# Subsequential limit problem

• Oct 1st 2010, 04:08 AM
tommy11
Subsequential limit problem
If {an} is bounded sequence with exactly one subsequential limit a, the {an} converges to a.

Could you help me understand what bounded sequence with one subsequential limit is? I don't understand the question. Thanks very much in advance
• Oct 1st 2010, 05:45 AM
Iondor
A sequence is "bounded", if there is a constant C>0 , such that
|a_n|< C for all n.
A "subsequential limit" of a sequence is a limit of a subsequence a_n_k of a_n.
• Oct 1st 2010, 09:36 AM
tommy11
so by definition lim {a_n_k} = a so for every e > 0 there exists n* in N such that for all n_k>= n* we have with any arbitrary a_n_k being subsequence of a_n:

|a_n_1 - a| < e/n for all n >= n1*
|a_n_2 - a| < e/n for all n >= n2*
|a_n_3 - a| < e/n for all n >= n3*
.
.
|a_n_k - a| < e/n for all n_k >= nk*
.
.
.
.
we need to prove that |a_n - a| < e

we know what a_n is bounded so by definition there exist some real number M such that |a_n| < M

since a_n_k is a subsequence of a_n so we have: n_1 < n_2 < n_3,...with i <= n_i , i in N.

Pick n* = min (n_1, n_2, n_3, ....) so for all n >= n* we have
|an_1 + an_2 + an_3 +...+ an_k+.....-n.a| <e

• Oct 1st 2010, 09:48 AM
Plato
Quote:

Originally Posted by tommy11
If {an} is bounded sequence with exactly one subsequential limit a, the {an} converges to a. Could you help me understand what bounded sequence with one subsequential limit is? I don't understand the question. Thanks very much in advance

Because every sequence by definition is a subsquence of itself, there really nothing to prove.
• Oct 1st 2010, 11:34 AM
Iondor
Quote:

Originally Posted by tommy11
so by definition lim {a_n_k} = a so for every e > 0 there exists n* in N such that for all n_k>= n* we have with any arbitrary a_n_k being subsequence of a_n:

|a_n_1 - a| < e/n for all n >= n1*
|a_n_2 - a| < e/n for all n >= n2*
|a_n_3 - a| < e/n for all n >= n3*
.
.
|a_n_k - a| < e/n for all n_k >= nk*
.
.
.
.
we need to prove that |a_n - a| < e

we know what a_n is bounded so by definition there exist some real number M such that |a_n| < M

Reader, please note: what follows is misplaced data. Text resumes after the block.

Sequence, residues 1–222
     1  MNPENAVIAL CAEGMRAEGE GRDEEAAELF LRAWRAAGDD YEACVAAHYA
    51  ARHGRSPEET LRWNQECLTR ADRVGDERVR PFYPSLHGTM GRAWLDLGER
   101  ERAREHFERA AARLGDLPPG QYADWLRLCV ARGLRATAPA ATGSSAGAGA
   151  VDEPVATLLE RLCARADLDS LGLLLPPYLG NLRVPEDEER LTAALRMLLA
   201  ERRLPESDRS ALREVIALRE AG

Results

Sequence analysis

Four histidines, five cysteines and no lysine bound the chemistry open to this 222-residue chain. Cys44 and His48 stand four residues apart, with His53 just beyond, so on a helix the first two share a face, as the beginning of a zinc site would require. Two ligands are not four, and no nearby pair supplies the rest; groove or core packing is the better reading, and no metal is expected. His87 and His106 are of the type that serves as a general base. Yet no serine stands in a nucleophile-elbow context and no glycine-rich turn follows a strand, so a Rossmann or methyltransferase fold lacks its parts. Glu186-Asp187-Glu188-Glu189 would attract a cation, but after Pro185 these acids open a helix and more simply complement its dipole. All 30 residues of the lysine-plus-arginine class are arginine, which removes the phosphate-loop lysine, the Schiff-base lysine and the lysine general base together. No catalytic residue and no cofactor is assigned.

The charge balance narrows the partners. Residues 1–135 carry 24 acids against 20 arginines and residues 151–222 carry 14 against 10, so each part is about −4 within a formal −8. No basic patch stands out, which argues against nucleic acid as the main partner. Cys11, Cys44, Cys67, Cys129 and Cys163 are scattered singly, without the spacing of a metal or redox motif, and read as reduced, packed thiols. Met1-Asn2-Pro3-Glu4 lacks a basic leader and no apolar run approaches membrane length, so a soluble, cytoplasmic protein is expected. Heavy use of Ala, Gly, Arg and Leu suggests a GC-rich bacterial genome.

since a_n_k is a subsequence of a_n so we have: n_1 < n_2 < n_3,...with i <= n_i , i in N.

Pick n* = min (n_1, n_2, n_3, ....) so for all n >= n* we have
|an_1 + an_2 + an_3 +...+ an_k+.....-n.a| <e

By assumption we know that every convergent subsequence of (a_n) converges against the same number a.
Furthermore |a_n|<C for all n.
We need to show that a_n also converges.
Assume that this is not the case. In particular a_n does not converge against a. Then there is an e>0 , so that there is a subsequence a_n_j of a_n with |a_n_j-a|>=e for all j.
But a_n_j is also a bounded sequence and any bounded sequence has a convergent subsequence. So a_n_j has a subsequence which converges, but it can't converge against a, because its distance from a is always greater or equal than e.
This subsequence is also a convergent subsequence of a_n. => Contradiction to our assumption.
• Oct 1st 2010, 11:38 AM
Iondor
Quote:

Originally Posted by Plato
Because every sequence by definition is a subsquence of itself, there really nothing to prove.

But not every subsequence needs to converge.
The assumption is only that every convergent subsequence of (a_n) has the same limit.
• Oct 1st 2010, 02:37 PM
Plato
Quote:

Originally Posted by Iondor
But not every subsequence needs to converge.
The assumption is only that every convergent subsequence of (a_n) has the same limit.

And you proof shows that every subsequence does in fact converge.